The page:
Gorilla Rainforest

The day finally arrived to allow the gorillas access to their new habitat. This was planned a little ahead of the official opening – just to make sure they actually went out and explored. This was fortunate, as they showed very careful attention to moving past their door at first. Most interesting was the fact that the girls went out first. The big silverback male sat in the doorway, calling the girls back whenever they found any regular food (hidden earlier by the animal team) and gratefully taking it off them. A little bit like the good wife nipping up to the shops for the husband watching tv... Watching the gorillas pushing into the vegetation was an education in itself – for the gorillas and any observers. Remember, the gorillas had been used to a simple rough grass area plus a few turf weeds, and now they had this vast array of new plants. Will it hurt if they pushed through the plants? Are the plants edible? For the first few days, the gorillas even avoided cardoon Cynara cardunculus, jumping over it if it was in their path. On the very first day, one female gorilla targeted the purple willow Salix purpurea. Not surprising as they would have been given several different species of cut willow as browse for many years. But not S. purpurea. She pulled the plant up first. It was from cuttings we had raised in the nursery and nurtured. Groans came from the horticulture team. Laughs came from the animal team. She stripped the leaves off and pushed them into her mouth, instantly spitting them back out and throwing the plant stem down in disgust. Cheers from the horticulture team. Moans from the animal team. Then came the tentative question, ‘Is it poisonous?’

Ch.10.7.JPG

The gorilla seemed to be waiting for the willow catkins to get big enough, while his mangabey neighbours attacked the Gunnera manicata buds, taking just the flowers. Who taught who?

Purple willow Salix purpurea was immediately targeted as it was recognised as willow, which is normally edible. S. purpurea was selected for planting as it is not eaten by rabbits, due to the higher salicylic acid content making it very bitter. The salicylic acid in willow is a well-known plant source of aspirin. Years ago, the doctrine of signatures used for medicinal guidance said that trembling willow leaves were good for a trembling fever, and they were. No doubt, each gorilla and mangabey had to discover that this species is not nice to eat, and some plants were lost. But out of the 100 or so planted, enough have grown to 3m bushes to give a good shrubby look to some areas. After a few years, once large enough, S. purpurea started flowering, giving masses of catkins along the thin twigs, typical of a willow. Both the gorillas and the mangabey were seen one spring in the middle of the bushes, pulling the shoots down, stripping off growth, and letting go. Only with binoculars could anyone see what they were doing. Very carefully, the catkins – only the catkins, were being removed, no young leaves or bark and immediately popped into waiting mouths. Individual technique varied, maybe one catkin at a time, maybe a few. The gorillas were even seen with green chins from the pollen. Obviously proving a tasty and totally unexpected mouthful. The question remains, why? Is the catkin a temporary growth that the willow does not bother forming the bitter salicylic acid within? Is the nectar sweet enough to hide the bitter flavour? Most likely to keep the nectar sweet for pollinators, the bitter salicylic acid is not produced in the catkin. Once flowering stops, the willow is left alone again, until next year, apart from incidental damage from playing and climbing.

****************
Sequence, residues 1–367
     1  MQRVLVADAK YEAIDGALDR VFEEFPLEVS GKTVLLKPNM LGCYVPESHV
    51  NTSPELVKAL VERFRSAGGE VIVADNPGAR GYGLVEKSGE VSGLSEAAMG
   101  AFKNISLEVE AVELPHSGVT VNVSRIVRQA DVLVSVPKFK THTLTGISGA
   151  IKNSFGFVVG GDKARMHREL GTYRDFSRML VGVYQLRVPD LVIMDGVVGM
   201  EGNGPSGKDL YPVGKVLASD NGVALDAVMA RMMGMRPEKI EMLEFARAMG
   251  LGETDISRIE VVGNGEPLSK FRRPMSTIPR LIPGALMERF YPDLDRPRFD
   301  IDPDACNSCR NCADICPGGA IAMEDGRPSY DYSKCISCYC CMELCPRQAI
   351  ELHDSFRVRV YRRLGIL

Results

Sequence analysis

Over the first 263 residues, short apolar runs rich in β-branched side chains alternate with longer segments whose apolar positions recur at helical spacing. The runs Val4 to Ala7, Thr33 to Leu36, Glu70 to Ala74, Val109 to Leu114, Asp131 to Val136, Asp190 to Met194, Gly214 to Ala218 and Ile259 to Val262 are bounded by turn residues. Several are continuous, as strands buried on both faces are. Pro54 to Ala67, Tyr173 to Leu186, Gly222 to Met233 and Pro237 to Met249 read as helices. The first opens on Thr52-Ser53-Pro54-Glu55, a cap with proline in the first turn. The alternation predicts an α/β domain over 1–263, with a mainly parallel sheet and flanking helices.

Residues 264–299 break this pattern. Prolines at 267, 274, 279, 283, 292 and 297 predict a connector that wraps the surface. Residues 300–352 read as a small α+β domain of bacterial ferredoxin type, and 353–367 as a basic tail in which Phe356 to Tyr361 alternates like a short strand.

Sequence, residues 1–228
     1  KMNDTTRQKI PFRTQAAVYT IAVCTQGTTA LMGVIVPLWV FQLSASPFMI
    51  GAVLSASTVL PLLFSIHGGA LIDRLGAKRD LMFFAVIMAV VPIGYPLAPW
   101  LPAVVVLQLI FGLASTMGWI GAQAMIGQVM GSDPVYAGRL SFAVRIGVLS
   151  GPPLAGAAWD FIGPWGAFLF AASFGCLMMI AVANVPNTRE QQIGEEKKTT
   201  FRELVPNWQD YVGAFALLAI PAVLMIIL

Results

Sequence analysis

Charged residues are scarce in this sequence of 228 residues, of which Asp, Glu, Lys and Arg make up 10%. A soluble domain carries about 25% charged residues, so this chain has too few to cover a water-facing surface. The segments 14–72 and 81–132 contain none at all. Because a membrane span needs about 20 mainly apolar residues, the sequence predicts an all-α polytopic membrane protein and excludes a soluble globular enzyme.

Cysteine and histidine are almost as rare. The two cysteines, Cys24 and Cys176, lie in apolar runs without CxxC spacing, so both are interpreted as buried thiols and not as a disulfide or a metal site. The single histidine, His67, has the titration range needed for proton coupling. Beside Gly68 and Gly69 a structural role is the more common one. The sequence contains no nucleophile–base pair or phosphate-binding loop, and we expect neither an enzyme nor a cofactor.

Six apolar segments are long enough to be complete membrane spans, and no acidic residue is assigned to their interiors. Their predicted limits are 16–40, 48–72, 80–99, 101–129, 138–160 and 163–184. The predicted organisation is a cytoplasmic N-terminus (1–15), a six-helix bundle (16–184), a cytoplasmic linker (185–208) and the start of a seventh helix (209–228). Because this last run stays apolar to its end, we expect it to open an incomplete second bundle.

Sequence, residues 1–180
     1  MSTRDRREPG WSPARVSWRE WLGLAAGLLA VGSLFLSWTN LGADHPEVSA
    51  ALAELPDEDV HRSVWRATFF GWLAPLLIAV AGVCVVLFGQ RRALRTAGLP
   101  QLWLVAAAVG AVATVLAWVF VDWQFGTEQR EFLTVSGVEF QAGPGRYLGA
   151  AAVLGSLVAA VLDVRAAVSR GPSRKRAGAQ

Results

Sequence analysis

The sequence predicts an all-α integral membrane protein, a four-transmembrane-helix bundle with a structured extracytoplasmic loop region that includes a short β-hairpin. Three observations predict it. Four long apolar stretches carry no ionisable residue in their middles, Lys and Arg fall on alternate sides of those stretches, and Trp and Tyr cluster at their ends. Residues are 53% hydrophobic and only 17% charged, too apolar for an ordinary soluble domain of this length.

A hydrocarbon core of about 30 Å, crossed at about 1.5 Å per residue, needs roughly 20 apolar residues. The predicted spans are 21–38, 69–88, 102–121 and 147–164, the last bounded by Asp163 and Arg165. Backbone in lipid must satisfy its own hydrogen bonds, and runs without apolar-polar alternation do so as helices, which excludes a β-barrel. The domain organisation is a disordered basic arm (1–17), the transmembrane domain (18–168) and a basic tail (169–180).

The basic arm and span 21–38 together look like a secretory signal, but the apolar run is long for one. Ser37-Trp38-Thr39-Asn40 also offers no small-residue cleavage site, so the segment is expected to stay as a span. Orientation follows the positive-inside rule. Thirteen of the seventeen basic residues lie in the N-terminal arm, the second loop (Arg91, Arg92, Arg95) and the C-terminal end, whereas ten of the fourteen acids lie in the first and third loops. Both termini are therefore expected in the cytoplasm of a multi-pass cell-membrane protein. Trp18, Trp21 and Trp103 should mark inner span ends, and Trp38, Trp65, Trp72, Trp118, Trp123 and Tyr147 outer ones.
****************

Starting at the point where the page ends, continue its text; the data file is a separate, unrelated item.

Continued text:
Ch.10.10.JPG

Slow foraging was great enrichment

One challenge encountered watching this interaction was the reaction from one of the gorillas. Whenever some of the horticulture team came around with a camera and binoculars to see what was being eaten, the gorilla immediately stopped doing whatever it was engaged in, looked up, watched, and shadowed the photographer all around the moat, always looking directly at the photographer. But only when the photographer was wearing the zoo uniform or was alone. If they went around with a group of visitors, they were not noticed so easily. The best pictures were taken while taking guided tours around. Indeed, the observer does sometimes change the observed.